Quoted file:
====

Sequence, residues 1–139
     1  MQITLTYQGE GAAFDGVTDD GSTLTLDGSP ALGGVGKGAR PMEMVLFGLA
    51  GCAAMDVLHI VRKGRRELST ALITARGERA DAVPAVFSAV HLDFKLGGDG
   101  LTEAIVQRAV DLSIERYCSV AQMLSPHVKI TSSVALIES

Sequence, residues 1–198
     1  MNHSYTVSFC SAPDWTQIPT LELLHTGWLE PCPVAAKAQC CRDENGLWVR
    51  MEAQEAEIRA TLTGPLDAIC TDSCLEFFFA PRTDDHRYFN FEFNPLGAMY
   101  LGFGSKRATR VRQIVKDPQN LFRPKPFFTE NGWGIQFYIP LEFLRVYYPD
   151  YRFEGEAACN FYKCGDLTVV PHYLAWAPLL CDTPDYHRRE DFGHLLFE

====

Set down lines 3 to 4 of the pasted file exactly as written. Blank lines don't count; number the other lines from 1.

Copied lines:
    51  GCAAMDVLHI VRKGRRELST ALITARGERA DAVPAVFSAV HLDFKLGGDG
   101  LTEAIVQRAV DLSIERYCSV AQMLSPHVKI TSSVALIES